What’s Causing You Pain Isn’t Where You Think It Is

What’s Causing You Pain Isn’t Where You Think It Is


Who cries more: the victim or the perpetrator? Think about this EVERY time you feel aches, pains and strains in your body. Here's why:

If you have pain in your knee after starting to ramp up your marathon training (or squatting, cycling -- just about anything), for example, is it the knee’s fault? In other words, is it a "knee problem," or could another body part be the culprit (the perpetrator), while your knee is just the victim, suffering the pain?

Most likely the “perpetrator,” or cause of the issue, is downstream or upstream, which would be the ankle/foot joints or hip muscles not doing their jobs.

Read that again: very often knee pain has nothing to do with the knee itself.

Physical therapists joke that the knee is a “dumb” joint, it can only bend and straighten, stuck between the hip and the ankle...which really tell the knee what to do -- as you walk, run or jump. The same is true for the elbow in regards to the arm. Folks with “tennis elbow” often have issues at their shoulder, neck and shoulder blades.

A concept physical therapists consider in clinical practice is called "regional interdependence," the idea that a seemingly unrelated part of the body could be causing the pain that you're in.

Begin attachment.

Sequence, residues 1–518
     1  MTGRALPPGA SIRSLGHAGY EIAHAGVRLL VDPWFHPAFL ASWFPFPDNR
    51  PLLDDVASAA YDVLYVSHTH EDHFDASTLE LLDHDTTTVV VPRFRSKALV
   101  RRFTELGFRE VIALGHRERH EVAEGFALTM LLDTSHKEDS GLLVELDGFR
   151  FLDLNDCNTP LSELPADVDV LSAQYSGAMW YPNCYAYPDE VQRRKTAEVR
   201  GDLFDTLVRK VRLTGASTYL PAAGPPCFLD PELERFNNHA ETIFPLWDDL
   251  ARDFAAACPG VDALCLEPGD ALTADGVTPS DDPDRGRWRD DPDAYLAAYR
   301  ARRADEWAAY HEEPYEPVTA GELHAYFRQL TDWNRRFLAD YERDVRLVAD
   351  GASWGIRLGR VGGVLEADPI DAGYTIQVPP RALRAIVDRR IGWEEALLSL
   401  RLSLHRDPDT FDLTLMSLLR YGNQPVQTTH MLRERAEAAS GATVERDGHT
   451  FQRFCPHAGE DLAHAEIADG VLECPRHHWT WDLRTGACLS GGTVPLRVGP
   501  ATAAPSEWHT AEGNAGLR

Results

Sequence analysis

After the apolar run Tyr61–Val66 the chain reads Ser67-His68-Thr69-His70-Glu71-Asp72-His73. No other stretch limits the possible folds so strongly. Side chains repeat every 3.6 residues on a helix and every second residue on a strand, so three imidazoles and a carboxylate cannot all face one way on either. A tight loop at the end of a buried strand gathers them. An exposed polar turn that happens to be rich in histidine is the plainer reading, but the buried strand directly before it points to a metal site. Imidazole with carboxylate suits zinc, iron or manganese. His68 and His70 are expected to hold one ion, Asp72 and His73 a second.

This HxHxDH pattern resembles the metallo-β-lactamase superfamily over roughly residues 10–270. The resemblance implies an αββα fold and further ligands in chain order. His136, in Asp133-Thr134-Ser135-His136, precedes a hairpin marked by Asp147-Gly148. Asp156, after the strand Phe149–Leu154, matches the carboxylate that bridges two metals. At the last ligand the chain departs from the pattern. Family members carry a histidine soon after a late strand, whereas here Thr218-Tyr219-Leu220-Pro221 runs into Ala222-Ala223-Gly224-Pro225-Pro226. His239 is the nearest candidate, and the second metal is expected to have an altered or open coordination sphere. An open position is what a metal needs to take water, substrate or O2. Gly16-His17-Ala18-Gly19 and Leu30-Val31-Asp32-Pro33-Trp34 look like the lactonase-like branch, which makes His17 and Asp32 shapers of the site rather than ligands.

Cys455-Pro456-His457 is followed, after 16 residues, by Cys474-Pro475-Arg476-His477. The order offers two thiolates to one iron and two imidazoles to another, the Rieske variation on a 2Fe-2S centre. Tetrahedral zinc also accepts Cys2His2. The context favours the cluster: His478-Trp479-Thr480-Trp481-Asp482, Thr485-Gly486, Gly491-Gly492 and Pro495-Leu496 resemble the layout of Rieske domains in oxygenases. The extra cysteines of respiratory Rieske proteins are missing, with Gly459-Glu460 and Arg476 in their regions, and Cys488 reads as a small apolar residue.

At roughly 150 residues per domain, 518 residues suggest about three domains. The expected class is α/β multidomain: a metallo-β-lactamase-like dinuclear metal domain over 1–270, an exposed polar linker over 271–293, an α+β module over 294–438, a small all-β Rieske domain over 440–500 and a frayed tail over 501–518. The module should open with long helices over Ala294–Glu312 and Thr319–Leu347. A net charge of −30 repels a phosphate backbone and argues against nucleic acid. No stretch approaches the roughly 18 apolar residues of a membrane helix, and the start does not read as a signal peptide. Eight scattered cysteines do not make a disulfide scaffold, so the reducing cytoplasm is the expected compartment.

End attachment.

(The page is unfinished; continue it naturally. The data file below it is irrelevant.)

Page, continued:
What this means is that a problem with your big toe could cause pain all the way to the shoulder!

Everything is connected.

Think back to the song you sang in kindergarten... "The foot bone's connected to the - shin bone, The shin bone's connected to the - thigh bone..."

If everyone does their job the team will succeed, but if anyone is slacking, other areas have to pull the extra slack when they are not meant for it, and this is what causes the trouble.

So the next time you have knee pain and go to see a specialist, they better check your ankle, foot, shin bones, hips and core control. When symptoms get “treated” without even addressing the cause, pain may temporarily be relieved, but nothing will get fixed -- and, even worse, new issues could start popping up.

If you want to avoid this altogether, get a full head to toe orthopedic screening from a qualified clinician, or at the very least know there is likely a hidden perpetrator lurking nearby when the victim starts crying.